Oscar Wilde once wrote that, “we are all in the gutters, but some of us are looking to the stars.” Warren Ellis definitely agrees with the first part of that statement. In the famed comic creator’s first stab at fiction, Ellis brings a painful clarity to his wit, cynicism, and unflinching explorations into the darker avenues of human nature. In Crooked Little Vein, he has turned over the rock of American culture to reveal the disgusting realities we’d prefer never see the light. To put it simply, and in the words of Joss Whedon, whose recommendation graces the back cover here: “I think this book ate my soul.”
Crooked Little Vein can be summed up in a few sentences (sentences I have used repeatedly and successfully to sell the novel at my book store):
Imagine a book written by the Founding Fathers of America, penned on the skin of an alien that Ben Franklin killed after being raped by it for six consecutive days, and whose binding has meteor fragments that cause it the vibrate at the same frequency as the human eye.
Then imagine that this book is the secret to America’s moralistic culture and the cause of our social greatness.
Finally imagine that the book was lost during the Nixon administration subsequently causing the rise of immoral and decadent culture full of freaks and perverts and that only a private eye whose qualifications as a “shit magnet,” which affords him the ability the navigate the dark recesses of out society, can retrieve the book so that the White House can put things back on the right path.
Talk about a nutshell, right?
The main character here is Mike McGill, the aforementioned shit magnet. He, and his sidekick and lover Trixi, must travel across the country trying to locate this lost book. Their travels take them from the dens of masturbators watching Godzilla porn, all the way to the rape parties of America’s social upper-strata. While traveling back and forth throughout the continent, the mapped crooked little vein of the title, Mike is forced to confront a culture whose decadence doesn’t just infect the ranks of the poor and crazy, but reaches into the upper echelons of our society. His travels lead him on a moral journey that forces him to confront which reality is worse: the current one with its depredations and perversions, or the authoritarian morality represented by the book, whose very use will destroy not only the bad elements but also the woman he loves with its soul-crushing rigidity.
Readers of Warren Ellis, particularly of Transmetropolitan, will recognize that his writings are not so much about plot and story, but are vehicles that allow him to present his ideas and beliefs in harsh, confronting ways. Mike and Trix’s travels, then, allow the author to explore larger issues and perspectives. While the book is filled with cynical appraisals and disgusting forays into contemporary culture, both sub and mainstream, there are enough substantive moments beyond the typical “the world is shit” arguments that make the book significant for readers interested in the direction our society is surely taking. One of the more gritty and challenging moments of this sort comes when Mike talks politely with a serial killer on a plane to Las Vegas.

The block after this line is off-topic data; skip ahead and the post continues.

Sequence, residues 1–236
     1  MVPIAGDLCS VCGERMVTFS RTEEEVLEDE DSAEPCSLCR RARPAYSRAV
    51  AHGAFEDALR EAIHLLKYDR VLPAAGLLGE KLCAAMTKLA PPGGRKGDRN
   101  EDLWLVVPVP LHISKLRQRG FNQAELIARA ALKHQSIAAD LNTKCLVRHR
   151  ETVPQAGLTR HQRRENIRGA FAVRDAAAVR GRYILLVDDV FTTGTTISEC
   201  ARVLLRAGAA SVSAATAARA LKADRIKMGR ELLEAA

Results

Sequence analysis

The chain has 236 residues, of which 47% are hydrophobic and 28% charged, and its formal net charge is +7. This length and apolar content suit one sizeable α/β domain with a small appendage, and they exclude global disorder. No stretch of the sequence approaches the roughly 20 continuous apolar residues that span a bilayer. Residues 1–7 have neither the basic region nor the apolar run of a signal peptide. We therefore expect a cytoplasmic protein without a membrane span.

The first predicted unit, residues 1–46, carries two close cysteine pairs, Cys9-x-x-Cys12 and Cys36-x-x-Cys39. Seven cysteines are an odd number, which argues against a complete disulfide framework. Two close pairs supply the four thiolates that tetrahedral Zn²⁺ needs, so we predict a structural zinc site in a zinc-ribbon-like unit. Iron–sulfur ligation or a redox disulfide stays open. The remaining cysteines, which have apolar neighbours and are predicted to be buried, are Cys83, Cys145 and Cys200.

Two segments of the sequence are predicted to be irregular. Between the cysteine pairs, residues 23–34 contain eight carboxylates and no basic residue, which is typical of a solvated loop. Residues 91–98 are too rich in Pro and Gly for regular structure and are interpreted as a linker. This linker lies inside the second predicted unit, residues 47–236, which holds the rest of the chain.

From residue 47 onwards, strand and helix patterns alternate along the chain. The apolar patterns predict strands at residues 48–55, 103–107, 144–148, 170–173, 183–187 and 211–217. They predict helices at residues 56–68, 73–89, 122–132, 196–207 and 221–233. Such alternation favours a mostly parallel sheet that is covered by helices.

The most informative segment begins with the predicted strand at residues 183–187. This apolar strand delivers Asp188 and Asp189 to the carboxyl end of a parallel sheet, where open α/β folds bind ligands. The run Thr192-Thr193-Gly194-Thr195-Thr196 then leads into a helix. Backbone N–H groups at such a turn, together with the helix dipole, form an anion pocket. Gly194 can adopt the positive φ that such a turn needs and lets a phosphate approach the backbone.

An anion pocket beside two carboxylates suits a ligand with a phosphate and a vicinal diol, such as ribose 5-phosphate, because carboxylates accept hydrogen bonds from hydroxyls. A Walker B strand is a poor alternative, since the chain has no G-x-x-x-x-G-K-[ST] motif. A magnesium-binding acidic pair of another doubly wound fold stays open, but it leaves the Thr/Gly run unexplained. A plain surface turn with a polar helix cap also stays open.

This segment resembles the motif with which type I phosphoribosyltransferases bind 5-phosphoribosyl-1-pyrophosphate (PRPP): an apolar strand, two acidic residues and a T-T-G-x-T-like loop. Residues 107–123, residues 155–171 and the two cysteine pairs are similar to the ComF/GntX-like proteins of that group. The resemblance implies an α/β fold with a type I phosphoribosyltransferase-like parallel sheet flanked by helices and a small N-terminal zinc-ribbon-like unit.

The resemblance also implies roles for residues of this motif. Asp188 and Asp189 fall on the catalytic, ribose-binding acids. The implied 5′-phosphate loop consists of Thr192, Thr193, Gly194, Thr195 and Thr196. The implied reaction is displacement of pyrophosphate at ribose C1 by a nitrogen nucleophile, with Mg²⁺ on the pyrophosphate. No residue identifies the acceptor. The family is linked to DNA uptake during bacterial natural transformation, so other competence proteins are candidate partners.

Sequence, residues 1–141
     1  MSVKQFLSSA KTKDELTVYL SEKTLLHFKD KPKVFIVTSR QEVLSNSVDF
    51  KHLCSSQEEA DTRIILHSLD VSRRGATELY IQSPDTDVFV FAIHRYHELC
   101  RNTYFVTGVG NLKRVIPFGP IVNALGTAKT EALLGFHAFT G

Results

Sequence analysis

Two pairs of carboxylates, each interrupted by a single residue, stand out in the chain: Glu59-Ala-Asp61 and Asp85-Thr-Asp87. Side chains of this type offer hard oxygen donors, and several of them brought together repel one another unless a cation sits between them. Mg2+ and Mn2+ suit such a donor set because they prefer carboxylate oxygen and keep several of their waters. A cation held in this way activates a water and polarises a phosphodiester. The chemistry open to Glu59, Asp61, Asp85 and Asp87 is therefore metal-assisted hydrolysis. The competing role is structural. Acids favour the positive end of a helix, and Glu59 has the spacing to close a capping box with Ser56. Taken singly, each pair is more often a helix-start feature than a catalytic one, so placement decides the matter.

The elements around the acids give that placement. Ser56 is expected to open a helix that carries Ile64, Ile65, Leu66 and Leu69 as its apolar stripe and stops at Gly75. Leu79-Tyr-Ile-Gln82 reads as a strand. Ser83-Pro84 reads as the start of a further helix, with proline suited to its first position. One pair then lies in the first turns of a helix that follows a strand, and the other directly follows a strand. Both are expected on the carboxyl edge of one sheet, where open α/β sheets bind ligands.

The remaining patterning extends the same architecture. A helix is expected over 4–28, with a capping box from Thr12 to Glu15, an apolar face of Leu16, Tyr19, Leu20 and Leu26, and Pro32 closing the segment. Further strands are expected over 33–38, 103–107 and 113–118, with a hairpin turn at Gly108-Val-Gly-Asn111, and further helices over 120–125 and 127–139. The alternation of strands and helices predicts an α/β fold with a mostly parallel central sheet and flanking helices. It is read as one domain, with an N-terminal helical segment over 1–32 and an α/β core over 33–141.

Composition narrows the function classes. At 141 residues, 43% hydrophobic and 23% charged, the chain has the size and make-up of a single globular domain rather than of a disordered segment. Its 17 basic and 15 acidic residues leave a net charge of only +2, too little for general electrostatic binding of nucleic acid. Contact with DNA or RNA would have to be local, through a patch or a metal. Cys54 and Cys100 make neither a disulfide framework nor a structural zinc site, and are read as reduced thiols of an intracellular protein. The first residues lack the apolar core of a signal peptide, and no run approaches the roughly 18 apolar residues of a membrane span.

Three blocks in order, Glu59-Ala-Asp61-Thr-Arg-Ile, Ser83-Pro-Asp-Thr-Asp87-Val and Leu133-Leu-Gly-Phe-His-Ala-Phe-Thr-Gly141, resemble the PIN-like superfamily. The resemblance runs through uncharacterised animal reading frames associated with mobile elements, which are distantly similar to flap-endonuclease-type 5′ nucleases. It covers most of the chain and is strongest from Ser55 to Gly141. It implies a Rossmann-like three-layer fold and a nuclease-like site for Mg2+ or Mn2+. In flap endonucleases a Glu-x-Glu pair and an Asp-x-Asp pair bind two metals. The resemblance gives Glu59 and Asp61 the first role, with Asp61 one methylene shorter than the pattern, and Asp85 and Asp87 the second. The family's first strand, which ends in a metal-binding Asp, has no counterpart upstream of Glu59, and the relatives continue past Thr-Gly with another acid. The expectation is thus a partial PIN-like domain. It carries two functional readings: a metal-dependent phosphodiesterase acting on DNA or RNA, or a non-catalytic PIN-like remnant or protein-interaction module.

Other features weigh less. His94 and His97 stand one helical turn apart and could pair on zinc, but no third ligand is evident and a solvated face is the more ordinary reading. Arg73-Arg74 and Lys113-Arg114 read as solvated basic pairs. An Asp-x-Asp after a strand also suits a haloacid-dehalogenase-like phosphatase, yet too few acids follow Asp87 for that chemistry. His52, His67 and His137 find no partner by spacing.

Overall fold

The serial killer casually argues that so much of what is dismissed as “underground” is really the mainstream of American culture. The Internet and other mediums of mass communication that allow for debauchery and depravity to be readily at hand is the secret to the new synthesis between mainstream and underground culture. Porno, violent imagery, and other types of previously taboo things, are no longer on the fringe of society, but now reside in its core. In a line that is very reminiscent to Jack the Ripper who claimed that had given birth to the 20th century, the serial killer concludes that he is the true rock star of the modern age. Hard to swallow, but certainly food for thought.
Ellis’s book is well-written, painfully blunt, and even if you don’t agree with the conclusions and arguments presented, you can still find value in the discourse provided. Or you may just have fun with the book’s rich, dark humor and biting look at the world. Either way, at its conclusion you are forced to agree with the serial killer when he pontificates: “This is such a wonderful, rich country… When you look under the covers it holds to its trembling little chin in the night.”
"Deep at the existentialist heart of this story there's a solemn treatise on the socially inequitable struggles between the worlds of the child and the adult.READ the article